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The Efficiency of Diffusion-weighted Magnetic Resonance Imaging in the Differentiation of Malign and Benign Cavitary Lung Lesions.

PURPOSE: The present study investigates the diagnostic efficiency of apparent diffusion coefficient (ADC) values in differentiating between malignant and benign cavitary lesions on diffusion-weighted magnetic resonance imaging (DWI).

MATERIALS AND METHODS: This prospective study included 45 consecutive patients identified with a cavitary lung lesion with a wall thickness of ≥5 mm on thoracic computed tomography in our clinic between 2020 and 2022, and who underwent thoracic DWI within 1 week of their original computed tomography. ADC measurements were made on DWI by drawing a region of interest manually from the cavity wall, away from the lung parenchyma in the axial section where the lesion was best demonstrated. The patients were then classified into benign and malignant groups based on the pathology or clinico-radiologic follow-up.

RESULTS: The sample included 29 (64.4%) male and 16 (35.6%) female patients, with a mean age of 59.06±17.3 years. Included in the study were 1 patient with 3 and 3 patients with 2 cavitary lesions each, with a total for the sample of 50 cavitary lesions. There were 23 (46%) malignant and 27 (54%) benign cavitary lung lesions. The mean ADC value (×10-3 mm2/s) of the malignant and benign cavitary lesions was 0.977±0.522 (0.511 to 2.872) and 1.383±0.370 (0.930 to 2.213), respectively. The findings were statistically significant using an independent samples t test (P=0.002). The mean wall thickness of the malignant and benign lesions was 12.47±5.51 mm (5 to 25 mm) and 10.11±4.65 mm (5 to 22 mm), respectively. Although malignant cavities had a higher mean wall thickness than benign cavities, the difference was statistically insignificant (P=0.104).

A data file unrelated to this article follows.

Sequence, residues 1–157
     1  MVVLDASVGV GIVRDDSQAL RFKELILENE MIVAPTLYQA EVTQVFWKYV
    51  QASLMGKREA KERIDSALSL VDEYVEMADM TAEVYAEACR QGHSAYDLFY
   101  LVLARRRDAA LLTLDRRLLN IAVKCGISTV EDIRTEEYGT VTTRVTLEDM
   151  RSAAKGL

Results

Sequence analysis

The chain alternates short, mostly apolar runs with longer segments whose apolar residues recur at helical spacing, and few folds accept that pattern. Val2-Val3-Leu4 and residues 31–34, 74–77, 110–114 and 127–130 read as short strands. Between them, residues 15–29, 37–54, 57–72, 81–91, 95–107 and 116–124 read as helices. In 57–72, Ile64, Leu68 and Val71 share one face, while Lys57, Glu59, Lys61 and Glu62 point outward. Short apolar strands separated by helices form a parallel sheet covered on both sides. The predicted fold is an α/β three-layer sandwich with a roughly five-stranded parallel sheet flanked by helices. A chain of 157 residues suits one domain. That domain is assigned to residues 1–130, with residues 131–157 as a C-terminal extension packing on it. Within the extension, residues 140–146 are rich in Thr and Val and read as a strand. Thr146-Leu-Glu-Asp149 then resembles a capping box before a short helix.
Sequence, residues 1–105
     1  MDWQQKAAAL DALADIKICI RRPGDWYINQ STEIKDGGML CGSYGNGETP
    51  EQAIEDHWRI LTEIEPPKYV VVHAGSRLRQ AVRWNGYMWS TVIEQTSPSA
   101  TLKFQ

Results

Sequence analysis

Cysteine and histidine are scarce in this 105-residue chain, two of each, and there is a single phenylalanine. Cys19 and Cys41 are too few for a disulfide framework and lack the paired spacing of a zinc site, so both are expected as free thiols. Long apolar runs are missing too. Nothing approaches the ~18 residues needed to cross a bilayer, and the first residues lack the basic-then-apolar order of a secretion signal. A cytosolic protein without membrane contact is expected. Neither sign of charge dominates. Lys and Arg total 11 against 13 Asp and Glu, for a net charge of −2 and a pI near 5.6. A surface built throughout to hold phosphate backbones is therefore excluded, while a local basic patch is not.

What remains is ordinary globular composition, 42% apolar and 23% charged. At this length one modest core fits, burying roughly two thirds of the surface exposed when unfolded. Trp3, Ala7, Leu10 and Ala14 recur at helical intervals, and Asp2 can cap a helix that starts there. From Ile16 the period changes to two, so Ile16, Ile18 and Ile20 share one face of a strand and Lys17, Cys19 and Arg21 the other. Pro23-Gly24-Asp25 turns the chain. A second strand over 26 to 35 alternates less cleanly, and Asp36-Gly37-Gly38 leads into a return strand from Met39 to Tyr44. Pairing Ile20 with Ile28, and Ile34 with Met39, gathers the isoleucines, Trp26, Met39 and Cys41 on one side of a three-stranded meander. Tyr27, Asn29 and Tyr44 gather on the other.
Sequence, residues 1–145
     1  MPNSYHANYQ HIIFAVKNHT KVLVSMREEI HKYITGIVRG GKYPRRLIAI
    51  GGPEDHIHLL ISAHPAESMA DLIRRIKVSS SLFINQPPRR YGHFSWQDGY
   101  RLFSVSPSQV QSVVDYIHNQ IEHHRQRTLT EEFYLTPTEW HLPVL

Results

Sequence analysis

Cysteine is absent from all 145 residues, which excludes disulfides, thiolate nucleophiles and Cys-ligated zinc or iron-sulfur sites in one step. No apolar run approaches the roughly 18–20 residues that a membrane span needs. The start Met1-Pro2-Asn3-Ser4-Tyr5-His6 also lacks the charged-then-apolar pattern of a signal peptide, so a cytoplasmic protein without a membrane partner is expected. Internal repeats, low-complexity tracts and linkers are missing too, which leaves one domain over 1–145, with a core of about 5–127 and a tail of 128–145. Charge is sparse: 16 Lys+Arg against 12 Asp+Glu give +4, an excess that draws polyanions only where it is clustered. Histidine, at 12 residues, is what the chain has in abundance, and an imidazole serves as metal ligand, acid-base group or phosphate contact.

CONCLUSION: A significant difference was identified between the ADC values measured in DWI of the malignant and benign cavitary lung lesions. DWI, a noninvasive and rapid imaging method, can provide useful information for the differential diagnosis of cavitary lesions and can minimize unnecessary biopsies.

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